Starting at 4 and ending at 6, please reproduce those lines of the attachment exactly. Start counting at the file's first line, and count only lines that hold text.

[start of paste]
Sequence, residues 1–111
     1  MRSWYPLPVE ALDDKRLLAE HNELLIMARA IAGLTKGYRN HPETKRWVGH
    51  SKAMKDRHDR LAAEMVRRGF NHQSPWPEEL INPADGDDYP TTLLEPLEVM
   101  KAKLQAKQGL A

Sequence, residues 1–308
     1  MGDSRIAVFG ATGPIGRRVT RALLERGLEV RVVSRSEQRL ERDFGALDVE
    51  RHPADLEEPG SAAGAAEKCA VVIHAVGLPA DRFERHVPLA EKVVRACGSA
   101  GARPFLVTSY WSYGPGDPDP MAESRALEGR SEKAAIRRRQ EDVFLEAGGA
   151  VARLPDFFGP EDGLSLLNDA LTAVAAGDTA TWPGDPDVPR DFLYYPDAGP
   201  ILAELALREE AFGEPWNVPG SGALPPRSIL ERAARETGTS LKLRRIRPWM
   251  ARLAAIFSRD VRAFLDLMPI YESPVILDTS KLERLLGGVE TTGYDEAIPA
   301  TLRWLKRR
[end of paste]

   101  KAKLQAKQGL A

Sequence, residues 1–308
     1  MGDSRIAVFG ATGPIGRRVT RALLERGLEV RVVSRSEQRL ERDFGALDVE